“Are you done now?”
This is the question that is thrust at me almost every time I am out and about. A question I’m never quite sure how to answer, because I don’t want to just mercilessly throw back what’s on the tip of my tongue.
“I’m never going to be done.”
Even if I live for 50 more years, I will always be tested and watched and poked and prodded. I am always going to carry the emotional burden of grief, of unfulfilled dreams, of pain and fear. There will be nights when I can’t sleep, days (like today) when my body is weak, and I will struggle with pain that is like the ocean. It comes in waves and it is wider than we can grasp, deeper than we can fathom, and it is always there.
What I am looking forward to though are the days when I will feel like it’s done. Days when I don’t even think about cancer or feel its effects. Weeks when there are no doctor appointments on my schedule.
There is a TV commercial that says, “I have cancer. But cancer doesn’t have me.” I love that. And it’s true. But it doesn’t take away the reality of the effects of cancer. No, cancer doesn’t have me or own me; however, it still lingers in the felt physical pain.
Pain like last night when I woke to the cries of my daughter. I had heard her rustling in her bed and whimpering, and I knew there were dreams circling through her little mind. Then the cries began. Normally, Bri would go get her, knowing how my joints ache from the side effects of medication. He was in DC overnight last night, and I got out of bed to go tend to my sweet one. But I couldn’t walk. Literally. The pain in my knees was so bad I crawled down the stairs to her room.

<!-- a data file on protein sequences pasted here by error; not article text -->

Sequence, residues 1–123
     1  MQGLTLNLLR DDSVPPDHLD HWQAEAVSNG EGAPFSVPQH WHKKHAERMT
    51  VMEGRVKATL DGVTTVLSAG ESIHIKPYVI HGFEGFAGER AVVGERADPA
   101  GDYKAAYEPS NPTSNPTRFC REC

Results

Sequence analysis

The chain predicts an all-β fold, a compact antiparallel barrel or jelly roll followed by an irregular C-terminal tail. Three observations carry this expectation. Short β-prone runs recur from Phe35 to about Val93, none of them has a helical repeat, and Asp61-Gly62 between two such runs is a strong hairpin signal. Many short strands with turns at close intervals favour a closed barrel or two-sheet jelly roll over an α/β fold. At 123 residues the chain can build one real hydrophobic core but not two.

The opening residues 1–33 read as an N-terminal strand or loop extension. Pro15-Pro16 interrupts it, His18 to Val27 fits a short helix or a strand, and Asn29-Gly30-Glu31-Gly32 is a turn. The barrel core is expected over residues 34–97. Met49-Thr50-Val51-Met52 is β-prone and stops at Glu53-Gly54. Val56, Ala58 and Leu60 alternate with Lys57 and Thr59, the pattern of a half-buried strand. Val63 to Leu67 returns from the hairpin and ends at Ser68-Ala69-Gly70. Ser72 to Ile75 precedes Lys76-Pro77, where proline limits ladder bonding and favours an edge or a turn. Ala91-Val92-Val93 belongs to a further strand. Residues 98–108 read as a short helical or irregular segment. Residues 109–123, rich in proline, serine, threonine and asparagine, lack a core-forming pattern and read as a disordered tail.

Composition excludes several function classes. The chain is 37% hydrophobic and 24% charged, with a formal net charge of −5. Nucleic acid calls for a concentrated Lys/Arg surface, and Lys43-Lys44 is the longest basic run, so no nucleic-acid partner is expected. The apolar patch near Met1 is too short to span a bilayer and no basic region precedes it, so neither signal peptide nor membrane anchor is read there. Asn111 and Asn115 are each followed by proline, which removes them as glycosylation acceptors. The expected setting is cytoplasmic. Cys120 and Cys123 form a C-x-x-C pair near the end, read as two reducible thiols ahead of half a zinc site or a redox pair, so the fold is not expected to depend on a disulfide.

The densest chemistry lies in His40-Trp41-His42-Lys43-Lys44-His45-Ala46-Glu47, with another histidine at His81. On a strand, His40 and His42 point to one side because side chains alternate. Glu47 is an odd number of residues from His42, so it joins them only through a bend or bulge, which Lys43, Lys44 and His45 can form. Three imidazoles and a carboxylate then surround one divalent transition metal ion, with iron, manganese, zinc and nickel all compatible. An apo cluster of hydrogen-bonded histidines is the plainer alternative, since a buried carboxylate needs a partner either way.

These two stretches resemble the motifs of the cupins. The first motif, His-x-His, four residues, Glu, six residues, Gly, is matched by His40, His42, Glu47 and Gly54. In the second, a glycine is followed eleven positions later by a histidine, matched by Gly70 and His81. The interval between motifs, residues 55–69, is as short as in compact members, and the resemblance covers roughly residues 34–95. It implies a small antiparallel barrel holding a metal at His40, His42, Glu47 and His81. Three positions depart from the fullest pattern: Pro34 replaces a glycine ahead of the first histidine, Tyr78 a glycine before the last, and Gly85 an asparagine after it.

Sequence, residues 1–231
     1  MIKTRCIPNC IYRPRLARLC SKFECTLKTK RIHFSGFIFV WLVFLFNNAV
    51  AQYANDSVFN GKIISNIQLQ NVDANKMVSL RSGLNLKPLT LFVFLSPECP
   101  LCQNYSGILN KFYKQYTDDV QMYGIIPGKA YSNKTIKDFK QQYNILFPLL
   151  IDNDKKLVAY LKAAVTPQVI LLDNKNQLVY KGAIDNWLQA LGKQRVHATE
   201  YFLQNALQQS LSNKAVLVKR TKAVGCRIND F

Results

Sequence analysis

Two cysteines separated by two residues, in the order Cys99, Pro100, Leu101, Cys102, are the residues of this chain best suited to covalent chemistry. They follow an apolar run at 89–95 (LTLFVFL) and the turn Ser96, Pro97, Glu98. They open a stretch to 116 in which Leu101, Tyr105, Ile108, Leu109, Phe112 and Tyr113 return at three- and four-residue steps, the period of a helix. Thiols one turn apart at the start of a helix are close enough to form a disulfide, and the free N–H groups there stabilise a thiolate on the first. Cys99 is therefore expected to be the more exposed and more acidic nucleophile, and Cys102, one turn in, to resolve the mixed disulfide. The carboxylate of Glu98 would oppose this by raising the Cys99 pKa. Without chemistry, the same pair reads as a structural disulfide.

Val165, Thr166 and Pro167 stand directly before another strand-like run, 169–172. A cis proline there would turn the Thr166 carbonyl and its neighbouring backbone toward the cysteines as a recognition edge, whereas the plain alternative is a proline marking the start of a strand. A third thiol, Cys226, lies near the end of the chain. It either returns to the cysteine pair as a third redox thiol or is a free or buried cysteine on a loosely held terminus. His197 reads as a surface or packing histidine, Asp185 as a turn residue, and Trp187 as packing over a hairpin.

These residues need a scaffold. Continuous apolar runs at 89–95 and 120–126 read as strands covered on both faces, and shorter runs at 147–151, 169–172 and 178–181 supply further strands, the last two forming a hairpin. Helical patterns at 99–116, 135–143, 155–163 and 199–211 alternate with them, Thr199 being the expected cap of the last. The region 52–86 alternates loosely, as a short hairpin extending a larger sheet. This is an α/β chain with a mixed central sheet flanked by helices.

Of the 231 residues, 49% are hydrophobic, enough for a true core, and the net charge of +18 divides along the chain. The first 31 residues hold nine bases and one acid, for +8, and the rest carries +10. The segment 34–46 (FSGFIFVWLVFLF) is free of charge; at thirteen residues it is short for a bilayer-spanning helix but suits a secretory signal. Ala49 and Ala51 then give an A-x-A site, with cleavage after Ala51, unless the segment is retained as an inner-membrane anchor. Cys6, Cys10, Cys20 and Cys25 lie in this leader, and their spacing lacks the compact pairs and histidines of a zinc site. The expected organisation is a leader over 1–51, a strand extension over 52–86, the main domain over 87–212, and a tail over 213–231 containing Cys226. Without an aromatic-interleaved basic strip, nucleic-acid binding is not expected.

By the time I reached her the wails had reached a fever pitch. I opened her door and her arms immediately stretched for me over her crib. I grabbed her close, and she clung to me, pudgy arms circling my neck as her sobs immediately stilled. I pressed my cheek to hers and our tears mingled together.
Quiet. Comfort. We had found it in each other, because as I held her, the pain was completely forgotten. I like to call them my God moments. God’s reminder that He is still there, and He still cares.
And I realized the answer to the question, “Are you done?” is the same for all of us.
None of us are done. Not until glory. And when He holds us, then the pain will be completely forgotten forever.
One must learn to walk before one can run. So here. We–or at least I–shall not be able to adore God on the highest occasions if we have learned no habit of doing so on the lowest… Any patch of sunlight in a wood will show you something about the sun which you could never get from reading books on astronomy. These pure and spontaneous pleasures are “patches of Godlight” in the woods of our experience.
(from Letters to Malcolm by C.S. Lewis)
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